How cross-cultural communication leads to an effective workplace

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How cross-cultural communication leads to an effective workplace

  • OISE England
  • Thursday, June 9, 2022

As businesses become more global and complex, most of the work lies becoming more and more based on teamwork. Although there are many different ways to create and foster a collaborative work environment, the most successful work environments are places in employees feel seen and heard, hold efficient meetings and work sessions and have access to collaboration processes in place to promote healthy communication.

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Collaborating effectively in a team is a key to success in today's workplace. Encourage your team members to be agile, define expectations and responsibilities and lead by example, as you educate and develop team skills while keeping everyone focused are some of the ways to achieve effective collaboration in the workplace.

According to many researchers, there are various specific exercises useful where you want to improve the interpersonal relationship in the workplace between colleagues, managers and customers. These include: reflecting and considering ideas and opinions in depth, appreciating and respecting the views of others, even when they do not coincide with our own, and bearing in mind that competitiveness can be counter-productive.

Today, in fact, collaboration in organisations is fundamental. The synergy allows you to have rapid processes, new insights, shared projects and to achieve a high level of efficiency within your team or company. Creating companies and work groups capable of collaborating in a positive way is, in fact, an added value for the company as a whole, in terms of creativity, specialisation and breadth of vision. Not surprisingly, according to Google “effective collaboration between teams results in greater innovation, faster problem identification and resolution, better performance and, therefore, higher chances of success.” Other values adopted by large companies today include, for example, inclusion and sharing. These are fundamental for the Royal Society of London, for example, the first scientific institution in the world, whose goal, not surprisingly, is to facilitate the transmission of knowledge between scientists, so as to promote scientific excellence and foster important discoveries.

Other emblematic examples are Steve Jobs, the founder of the multinational company Apple, and Pixar, the film production company specialising in digital animation. For all of us, Steve Jobs is the man who introduced revolutionary tools such as the well-known smartphone, the iPhone. Apple's huge success, however, often makes us forget the collaboration between Jobs, Ed Catmull and John Lasseter, who was responsible for taking Pixar from being a small film studio to a large company, now owned by Walt Disney. Initially, Pixar made commercial shorts, but later, in 1984, when Steve Jobs bought it, making it become Pixar and moving it to an abandoned factory, the plan was to build three departments for computer scientists, animators and management. This was possible thanks to Jobs, who created an open space in which computer scientists and animators could work closely, thus making different people and cultures interact, as well as establishing a collaboration where technology inspired art and art posed new challenges. for technology.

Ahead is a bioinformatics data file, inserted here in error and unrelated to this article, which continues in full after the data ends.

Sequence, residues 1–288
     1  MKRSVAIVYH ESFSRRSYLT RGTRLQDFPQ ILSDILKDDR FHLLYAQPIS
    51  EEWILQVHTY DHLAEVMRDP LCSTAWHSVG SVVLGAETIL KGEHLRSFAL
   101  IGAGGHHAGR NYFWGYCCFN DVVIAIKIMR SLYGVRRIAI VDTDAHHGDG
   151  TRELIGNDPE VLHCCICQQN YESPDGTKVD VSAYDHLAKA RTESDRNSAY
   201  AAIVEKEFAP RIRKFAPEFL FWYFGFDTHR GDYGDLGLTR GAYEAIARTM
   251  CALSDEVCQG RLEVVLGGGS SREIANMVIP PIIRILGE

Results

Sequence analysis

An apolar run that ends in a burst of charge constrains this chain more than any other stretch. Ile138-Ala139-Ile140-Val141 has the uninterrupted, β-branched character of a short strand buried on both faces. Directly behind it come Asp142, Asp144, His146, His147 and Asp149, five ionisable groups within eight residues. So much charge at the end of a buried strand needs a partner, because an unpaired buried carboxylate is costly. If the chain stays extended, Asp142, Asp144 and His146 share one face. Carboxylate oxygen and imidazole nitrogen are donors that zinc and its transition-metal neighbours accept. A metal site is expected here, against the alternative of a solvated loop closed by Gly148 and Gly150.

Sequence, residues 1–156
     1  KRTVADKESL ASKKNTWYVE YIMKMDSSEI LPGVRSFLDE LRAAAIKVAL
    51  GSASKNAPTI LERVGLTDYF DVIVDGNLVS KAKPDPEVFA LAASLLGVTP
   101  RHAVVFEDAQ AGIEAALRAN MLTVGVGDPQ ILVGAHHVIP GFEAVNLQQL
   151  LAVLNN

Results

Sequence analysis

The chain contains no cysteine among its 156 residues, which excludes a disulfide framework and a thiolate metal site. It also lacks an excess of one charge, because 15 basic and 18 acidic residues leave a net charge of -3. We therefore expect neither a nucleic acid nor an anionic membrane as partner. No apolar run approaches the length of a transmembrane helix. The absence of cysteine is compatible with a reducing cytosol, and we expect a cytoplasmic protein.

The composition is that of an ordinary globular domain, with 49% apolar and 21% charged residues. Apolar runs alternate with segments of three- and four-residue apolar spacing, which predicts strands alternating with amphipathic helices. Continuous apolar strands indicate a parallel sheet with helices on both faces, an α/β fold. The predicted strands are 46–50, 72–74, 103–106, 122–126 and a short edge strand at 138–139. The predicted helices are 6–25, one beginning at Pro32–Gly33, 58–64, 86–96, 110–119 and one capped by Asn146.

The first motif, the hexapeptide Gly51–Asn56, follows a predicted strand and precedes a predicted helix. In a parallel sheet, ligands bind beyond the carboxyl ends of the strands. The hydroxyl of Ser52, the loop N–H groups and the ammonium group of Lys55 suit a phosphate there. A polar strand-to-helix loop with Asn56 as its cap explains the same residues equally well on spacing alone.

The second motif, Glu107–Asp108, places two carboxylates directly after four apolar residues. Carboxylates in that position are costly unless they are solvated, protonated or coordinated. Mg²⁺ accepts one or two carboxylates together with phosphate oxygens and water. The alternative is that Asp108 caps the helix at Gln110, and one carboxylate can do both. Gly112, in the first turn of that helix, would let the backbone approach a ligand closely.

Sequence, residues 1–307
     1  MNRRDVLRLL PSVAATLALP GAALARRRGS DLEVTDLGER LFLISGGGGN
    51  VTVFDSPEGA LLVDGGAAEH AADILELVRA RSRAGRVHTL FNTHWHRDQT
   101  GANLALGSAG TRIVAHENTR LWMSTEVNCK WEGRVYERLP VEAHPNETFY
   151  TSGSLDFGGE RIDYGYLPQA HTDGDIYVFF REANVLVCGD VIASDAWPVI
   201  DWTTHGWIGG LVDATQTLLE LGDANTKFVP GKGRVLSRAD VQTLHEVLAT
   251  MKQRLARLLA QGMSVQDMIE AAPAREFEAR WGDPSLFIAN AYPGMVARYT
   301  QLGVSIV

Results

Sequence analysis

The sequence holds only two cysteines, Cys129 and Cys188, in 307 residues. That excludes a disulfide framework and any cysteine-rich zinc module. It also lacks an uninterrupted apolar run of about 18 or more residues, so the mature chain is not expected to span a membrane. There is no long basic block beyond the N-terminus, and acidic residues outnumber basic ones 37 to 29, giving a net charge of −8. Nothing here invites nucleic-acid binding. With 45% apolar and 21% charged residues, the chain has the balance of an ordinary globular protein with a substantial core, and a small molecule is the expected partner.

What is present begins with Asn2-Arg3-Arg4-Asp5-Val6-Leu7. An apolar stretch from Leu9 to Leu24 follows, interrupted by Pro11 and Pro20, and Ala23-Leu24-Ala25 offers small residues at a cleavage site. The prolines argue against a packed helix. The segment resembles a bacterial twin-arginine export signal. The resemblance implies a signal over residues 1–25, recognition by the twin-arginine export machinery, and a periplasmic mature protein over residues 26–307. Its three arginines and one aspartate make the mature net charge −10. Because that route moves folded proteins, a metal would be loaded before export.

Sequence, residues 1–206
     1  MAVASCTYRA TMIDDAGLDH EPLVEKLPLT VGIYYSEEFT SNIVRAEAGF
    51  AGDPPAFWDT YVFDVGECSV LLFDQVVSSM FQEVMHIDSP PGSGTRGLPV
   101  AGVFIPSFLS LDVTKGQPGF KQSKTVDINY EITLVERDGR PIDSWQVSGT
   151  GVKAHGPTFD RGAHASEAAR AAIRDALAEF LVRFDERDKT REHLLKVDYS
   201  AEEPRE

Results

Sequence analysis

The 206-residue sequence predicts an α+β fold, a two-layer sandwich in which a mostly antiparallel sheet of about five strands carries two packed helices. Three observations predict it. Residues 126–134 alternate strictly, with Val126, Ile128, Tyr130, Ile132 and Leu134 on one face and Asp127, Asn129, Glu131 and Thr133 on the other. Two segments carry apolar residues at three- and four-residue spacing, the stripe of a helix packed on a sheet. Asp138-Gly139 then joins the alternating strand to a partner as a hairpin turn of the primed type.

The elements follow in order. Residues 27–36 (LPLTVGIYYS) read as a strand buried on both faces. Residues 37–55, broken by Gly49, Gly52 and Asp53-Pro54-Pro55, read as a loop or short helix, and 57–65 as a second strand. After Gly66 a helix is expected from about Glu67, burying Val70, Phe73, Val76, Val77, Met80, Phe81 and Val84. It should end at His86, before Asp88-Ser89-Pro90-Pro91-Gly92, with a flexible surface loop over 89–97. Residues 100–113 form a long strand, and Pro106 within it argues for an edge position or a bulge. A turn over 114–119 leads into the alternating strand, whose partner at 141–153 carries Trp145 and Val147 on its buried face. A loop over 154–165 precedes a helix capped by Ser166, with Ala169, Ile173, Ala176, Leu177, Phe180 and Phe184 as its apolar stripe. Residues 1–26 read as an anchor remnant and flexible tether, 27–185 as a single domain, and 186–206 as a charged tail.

According to Geert Hofstede himself, an influential researcher in the field of cultural organisation studies, “The acquisition of intercultural communication skills goes through three phases: awareness, knowledge and skills.” Everything, therefore, begins with awareness, recognising that everyone carries with them a wealth of different knowledge and skills, acquired during their life and thanks to the various experiences made up to that moment. Subsequently, knowledge comes into play, in other words if we are to interact with other cultures, according to Hofstede, “we must learn what these cultures are like, what their symbols, their heroes, their rituals are.” The ability to communicate between cultures also derives from personal experience: if you are constantly exposed to different cultures, characterised by different habits and languages, you develop a more open mentality and a deep knowledge of those elements that make up these cultures.

In conclusion, knowing how to use one’s skills and one’s own language with mastery in any context, especially in that characterised by participation and collaboration with people from different cultures, is undoubtedly a huge advantage and strong point for an effective working environment.